Lisa Mitchell worked at MMS and Sodexho from 1988 to 1999, and was employed primarily in the Health Care Division. (Id. ¶ 5.) Just prior to leaving the company, she worked as General Manager of Suburban Hospital in Bethesda, Maryland, where she alleges that she was discriminated against in a variety of ways by her white supervisor. (Id. ¶¶ 45a-c.) Mitchell also claims that in 1994, she was passed over for a promotion in favor of a less-qualified white employee who not only was not one of the original applicants for the position, but in fact had been a member of the panel that was interviewing candidates for the job. Mitchell complained about this conflict to the white Regional Vice President, who refused to change the selection decision. *fn16 (Id. ¶ 45d.)

Robert Morris began working at MMS in 1990, and is currently employed in Sodexho's Health Care Division as a General Manager at the Civista Medical Center in La Plata, Maryland. (Id. ¶ 6.) Morris contends that he has been passed over for promotions as a result of the preselection of white candidates, and specifically, that he was discriminated against when Sodexho hired a less qualified white candidate as Acting Director of Prince Georges Hospital, without even offering Morris the opportunity to interview for the acting or permanent position. (Id. ¶ 40.)

Chip Moss worked in the Health Care Division of MMS and Sodexho in Maryland and Virginia from 1993 to 2000. (Id. ¶¶ 7, 41.) In 1999, he applied for the position of District Manager in the Senior Services Division, which is part of the company's Health Care Division in Gaithersburg, Maryland. However, Moss was not offered the opportunity to interview for the position, which instead was filled by a white male. (Id. ¶ 41a.) A few months later, he attempted to apply to be the General Manager at Fairfax Hospital, although the job was not posted. Moss was rebuffed when the white District Manager failed to return his phone calls, and then hired a white applicant for the position. Moss never received an explanation as to why he was not even interviewed for either of these vacancies. (Id. ¶¶ 41a-b.)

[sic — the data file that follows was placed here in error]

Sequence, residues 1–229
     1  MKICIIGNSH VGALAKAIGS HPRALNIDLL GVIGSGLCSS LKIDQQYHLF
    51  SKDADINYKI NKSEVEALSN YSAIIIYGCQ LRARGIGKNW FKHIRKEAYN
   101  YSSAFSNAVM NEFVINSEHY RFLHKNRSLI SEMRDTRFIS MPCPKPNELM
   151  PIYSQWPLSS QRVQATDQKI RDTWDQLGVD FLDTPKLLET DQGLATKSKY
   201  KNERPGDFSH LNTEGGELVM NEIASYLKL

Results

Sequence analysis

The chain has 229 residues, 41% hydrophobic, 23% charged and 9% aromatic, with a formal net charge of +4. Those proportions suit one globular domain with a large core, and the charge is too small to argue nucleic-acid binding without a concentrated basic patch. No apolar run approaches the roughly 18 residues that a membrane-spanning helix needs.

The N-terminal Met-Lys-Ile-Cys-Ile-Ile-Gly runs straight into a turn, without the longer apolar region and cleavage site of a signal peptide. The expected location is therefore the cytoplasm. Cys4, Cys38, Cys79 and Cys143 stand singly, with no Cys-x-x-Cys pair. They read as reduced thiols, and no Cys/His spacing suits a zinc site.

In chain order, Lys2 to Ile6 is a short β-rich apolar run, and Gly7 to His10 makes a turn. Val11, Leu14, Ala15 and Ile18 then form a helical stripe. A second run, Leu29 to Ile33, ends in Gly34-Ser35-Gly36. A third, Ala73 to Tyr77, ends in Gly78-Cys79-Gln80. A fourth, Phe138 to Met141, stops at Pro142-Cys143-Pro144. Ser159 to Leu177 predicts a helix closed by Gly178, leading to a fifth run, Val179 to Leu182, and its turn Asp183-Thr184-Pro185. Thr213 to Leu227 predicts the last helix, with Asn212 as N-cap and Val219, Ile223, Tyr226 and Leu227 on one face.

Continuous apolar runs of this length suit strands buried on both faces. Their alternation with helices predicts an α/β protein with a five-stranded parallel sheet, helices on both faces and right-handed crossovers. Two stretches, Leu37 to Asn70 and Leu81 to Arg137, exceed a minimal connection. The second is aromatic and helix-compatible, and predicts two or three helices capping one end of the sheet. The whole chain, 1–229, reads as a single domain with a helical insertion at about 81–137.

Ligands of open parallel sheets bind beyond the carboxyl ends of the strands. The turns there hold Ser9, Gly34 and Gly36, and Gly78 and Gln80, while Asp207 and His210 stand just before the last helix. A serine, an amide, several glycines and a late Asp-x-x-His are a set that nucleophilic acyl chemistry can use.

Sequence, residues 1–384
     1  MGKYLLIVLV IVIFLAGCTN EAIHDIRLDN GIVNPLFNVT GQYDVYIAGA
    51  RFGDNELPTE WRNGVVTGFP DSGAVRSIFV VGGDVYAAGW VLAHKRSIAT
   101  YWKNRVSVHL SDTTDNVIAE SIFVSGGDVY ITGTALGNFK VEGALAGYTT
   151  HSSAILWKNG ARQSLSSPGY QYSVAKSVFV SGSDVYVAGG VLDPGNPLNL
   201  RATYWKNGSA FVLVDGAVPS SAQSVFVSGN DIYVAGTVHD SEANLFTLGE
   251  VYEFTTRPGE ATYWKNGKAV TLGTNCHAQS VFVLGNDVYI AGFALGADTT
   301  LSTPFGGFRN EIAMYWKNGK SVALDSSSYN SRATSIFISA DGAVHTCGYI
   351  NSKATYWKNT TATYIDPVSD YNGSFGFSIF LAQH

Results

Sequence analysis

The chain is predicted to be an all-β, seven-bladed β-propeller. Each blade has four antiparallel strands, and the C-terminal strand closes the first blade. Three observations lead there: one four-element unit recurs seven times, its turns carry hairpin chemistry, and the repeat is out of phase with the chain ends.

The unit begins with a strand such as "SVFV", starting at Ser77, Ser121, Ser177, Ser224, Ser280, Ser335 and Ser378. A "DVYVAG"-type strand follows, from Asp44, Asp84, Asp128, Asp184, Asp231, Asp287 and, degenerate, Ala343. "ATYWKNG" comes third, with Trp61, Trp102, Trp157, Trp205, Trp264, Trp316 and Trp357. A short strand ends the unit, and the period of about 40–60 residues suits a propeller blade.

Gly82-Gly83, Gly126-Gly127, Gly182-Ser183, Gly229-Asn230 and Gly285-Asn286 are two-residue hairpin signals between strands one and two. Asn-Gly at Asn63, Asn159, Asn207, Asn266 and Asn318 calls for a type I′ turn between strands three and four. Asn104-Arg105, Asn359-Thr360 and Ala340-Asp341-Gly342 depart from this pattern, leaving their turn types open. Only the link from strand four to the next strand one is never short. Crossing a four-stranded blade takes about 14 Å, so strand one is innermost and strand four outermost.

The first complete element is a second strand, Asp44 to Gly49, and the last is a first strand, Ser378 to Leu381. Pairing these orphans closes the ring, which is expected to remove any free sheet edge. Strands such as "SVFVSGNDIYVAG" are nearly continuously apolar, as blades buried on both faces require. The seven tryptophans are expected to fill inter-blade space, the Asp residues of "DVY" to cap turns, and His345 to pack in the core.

Marilyn McNish has been employed by MMS and Sodexho since 1991, and currently works in the Health Care Division as a Clinical Nutrition Manager at Prince Georges Hospital in Cheverly, Maryland. (Id. ¶ 8.) McNish alleges that it took her ten years and an EEOC complaint to be promoted to her current position, while similarly situated white employees were promoted in a fraction of that time. (Id. ¶ 42.)

Ezzie Henry worked primarily in the School Services Division of MMS and Sodexho from 1993 to 2000, and currently lives in Port Deposit, Maryland. (Id. ¶ 9.) In her six years as a Human Resources Specialist, Henry posted for managerial positions at least ten times, but received only one temporary promotion. (Id. ¶37a.) She alleges that she was discriminated against because of her race when she applied to become Senior Human Resources Manager for the Health Care Division (Id. ¶ 37b), and contends that during her tenure in Human Resources, she frequently saw hiring managers circumvent MCMS by requesting that the paperwork of newly hired employees be processed before the job announcements were even posted. (Id. ¶ 37c.)

Dwain Richardson began his employment at MMS and Sodexho in 1995, and is currently the General Manager at INOVA Fair Oaks Hospital in Fairfax, Virginia. (Id. ¶ 10.) Richardson alleges that he repeatedly posted for vacant positions but never heard anything about his applications. (Id. ¶ 38a.) In December 1999, he posted for his current position, but was denied the promotion even though he was the only qualified applicant. *fn17 (Id. ¶ 38b.)